Limb Girdle Muscular Dystrophy with FKRP deficiency

Research Pre-clinical phase Phase I or I/II  

Limb Girdle Muscular Dystrophy R9 (LGMDR9) or 2I (LGMD2I) is an autosomal recessive disorder caused by abnormalities in the FKRP gene, located on chromosome 19 and encoding the FKRP (Fukutin-Related-Protein) protein. FKRP protein contributes to the stability and strength of muscle tissue. It acts on alpha-dystroglycan, a key elements of the link between muscle cells and their environment.

Mutations in the FKRP gene range from mild to late-onset LGMDR9 to an earlier, more severe, and more rare form of congenital muscular dystrophy (CMD), including Walker-Warburg syndrome and muscle-eye-brain disease (MEB), with brain and eye abnormalities. LGMDR9 is a heterogeneous disease whose age of onset varies from early childhood to early adulthood. The disease is characterized by rapid deterioration and loss of mobility in adolescence or later in adulthood. It may be accompanied by respiratory distress and/or cardiac symptoms.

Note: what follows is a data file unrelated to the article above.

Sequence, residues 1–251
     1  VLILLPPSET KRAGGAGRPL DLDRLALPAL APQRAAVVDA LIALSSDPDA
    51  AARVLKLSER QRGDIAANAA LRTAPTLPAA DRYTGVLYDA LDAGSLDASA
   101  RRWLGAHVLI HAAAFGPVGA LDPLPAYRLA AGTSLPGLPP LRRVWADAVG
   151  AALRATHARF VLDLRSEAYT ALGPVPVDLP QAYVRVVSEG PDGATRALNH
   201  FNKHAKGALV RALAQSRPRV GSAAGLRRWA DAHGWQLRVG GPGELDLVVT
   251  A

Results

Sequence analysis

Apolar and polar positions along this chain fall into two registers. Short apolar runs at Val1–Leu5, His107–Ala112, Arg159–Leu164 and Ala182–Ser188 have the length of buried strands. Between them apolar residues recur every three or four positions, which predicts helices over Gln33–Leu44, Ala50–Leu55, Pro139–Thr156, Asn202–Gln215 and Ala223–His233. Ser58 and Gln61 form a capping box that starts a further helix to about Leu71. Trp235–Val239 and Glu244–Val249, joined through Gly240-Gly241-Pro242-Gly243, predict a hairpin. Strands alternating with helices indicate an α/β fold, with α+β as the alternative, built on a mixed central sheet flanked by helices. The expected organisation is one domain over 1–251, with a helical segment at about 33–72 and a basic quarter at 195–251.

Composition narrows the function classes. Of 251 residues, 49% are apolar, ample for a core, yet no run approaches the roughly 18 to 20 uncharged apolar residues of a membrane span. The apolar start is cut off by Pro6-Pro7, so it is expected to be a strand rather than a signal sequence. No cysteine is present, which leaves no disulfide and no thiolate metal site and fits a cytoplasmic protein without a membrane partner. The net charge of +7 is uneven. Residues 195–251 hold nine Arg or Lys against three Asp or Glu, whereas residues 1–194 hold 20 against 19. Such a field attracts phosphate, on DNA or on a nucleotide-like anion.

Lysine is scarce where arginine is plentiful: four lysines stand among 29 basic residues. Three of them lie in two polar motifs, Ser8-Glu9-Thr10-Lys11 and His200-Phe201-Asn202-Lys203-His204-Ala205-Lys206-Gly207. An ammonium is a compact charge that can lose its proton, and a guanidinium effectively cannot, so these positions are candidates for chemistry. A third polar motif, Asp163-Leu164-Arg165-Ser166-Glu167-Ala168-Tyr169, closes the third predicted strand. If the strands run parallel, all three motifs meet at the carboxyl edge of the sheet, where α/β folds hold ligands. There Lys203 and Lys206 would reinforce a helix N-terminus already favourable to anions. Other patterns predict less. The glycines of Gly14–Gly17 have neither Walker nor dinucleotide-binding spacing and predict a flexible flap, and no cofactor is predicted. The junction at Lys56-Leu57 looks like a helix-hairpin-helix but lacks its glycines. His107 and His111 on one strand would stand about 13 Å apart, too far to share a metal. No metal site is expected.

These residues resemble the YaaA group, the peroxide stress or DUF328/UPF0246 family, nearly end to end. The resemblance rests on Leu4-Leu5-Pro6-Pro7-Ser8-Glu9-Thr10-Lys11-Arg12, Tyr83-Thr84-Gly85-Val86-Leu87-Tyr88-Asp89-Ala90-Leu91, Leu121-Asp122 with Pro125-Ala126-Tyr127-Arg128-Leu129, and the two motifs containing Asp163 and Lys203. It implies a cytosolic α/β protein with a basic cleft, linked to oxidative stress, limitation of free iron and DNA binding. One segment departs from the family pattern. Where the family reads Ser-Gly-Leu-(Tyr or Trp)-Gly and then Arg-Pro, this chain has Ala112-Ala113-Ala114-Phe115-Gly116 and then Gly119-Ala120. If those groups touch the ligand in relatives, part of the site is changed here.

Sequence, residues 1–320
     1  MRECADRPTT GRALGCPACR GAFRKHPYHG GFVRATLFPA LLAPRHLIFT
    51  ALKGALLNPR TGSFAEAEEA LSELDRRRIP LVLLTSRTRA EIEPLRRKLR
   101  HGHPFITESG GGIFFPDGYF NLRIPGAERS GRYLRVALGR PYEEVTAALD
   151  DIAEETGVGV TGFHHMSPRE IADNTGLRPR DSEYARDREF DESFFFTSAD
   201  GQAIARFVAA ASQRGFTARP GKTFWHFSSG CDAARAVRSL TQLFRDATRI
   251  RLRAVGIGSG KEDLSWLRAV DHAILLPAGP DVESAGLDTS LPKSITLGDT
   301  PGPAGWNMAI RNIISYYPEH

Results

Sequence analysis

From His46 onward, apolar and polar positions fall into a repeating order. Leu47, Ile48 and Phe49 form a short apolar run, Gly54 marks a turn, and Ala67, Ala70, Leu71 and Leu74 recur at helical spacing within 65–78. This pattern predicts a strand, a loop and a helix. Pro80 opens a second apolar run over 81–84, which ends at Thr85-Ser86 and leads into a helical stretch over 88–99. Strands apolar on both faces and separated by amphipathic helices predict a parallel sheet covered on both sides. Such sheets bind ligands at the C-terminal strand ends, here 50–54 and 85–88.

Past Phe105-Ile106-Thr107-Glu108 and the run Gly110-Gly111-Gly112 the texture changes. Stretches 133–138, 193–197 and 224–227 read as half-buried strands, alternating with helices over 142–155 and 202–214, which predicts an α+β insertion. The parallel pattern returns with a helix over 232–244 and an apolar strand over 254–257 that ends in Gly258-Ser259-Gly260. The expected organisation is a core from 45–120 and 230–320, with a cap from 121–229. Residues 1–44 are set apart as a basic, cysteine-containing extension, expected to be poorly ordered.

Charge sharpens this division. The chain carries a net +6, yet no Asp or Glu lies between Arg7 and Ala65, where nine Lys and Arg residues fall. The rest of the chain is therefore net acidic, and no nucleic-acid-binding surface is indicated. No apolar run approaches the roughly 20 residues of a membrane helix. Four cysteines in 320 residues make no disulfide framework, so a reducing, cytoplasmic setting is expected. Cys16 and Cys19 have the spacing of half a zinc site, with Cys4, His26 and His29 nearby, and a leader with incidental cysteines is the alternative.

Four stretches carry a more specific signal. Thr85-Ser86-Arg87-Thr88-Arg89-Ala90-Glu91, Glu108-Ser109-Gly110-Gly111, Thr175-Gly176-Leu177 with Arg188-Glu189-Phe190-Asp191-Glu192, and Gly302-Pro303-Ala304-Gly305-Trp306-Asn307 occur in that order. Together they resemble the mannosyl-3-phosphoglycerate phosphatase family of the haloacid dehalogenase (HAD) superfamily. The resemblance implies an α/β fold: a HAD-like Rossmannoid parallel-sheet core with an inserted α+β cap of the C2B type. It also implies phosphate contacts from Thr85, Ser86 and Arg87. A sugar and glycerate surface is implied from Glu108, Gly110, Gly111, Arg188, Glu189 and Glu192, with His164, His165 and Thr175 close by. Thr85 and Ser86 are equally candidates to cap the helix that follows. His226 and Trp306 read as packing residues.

FKRP-deficient myopathy is particularly common in northern Europe, but is universal and is probably one of the most common Limb Girdle Muscular Dystrophy (ORPHA: 34515).

To date, there is no specific treatment for LGMDR9.

 

Genethon is a leader in the field of research regarding Limb Girdle Muscular Dystrophy R9. the Progressive Dystrophy Laboratory’s team showed proof of principle that gene therapy treatment is likely to stop the evolution of the disease. The results of this work are fundamental to develop a product to treat patients with this condition.

Today, this project is at the preclinical development stage to evaluate the effectiveness and safety of the product before administering this treatment for the first time to human.

In parallel, Genethon launched in 2019 a natural history study in three countries (Denmark, France and United Kingdom) to better understand the disease. This study will consist in following for two years the evolution of the disease in about sixty patients. To date, this study appears to be a prerequisite for the implementation of a Phase I/II gene therapy clinical trial for Limb Girdle Muscular Dystrophy R9.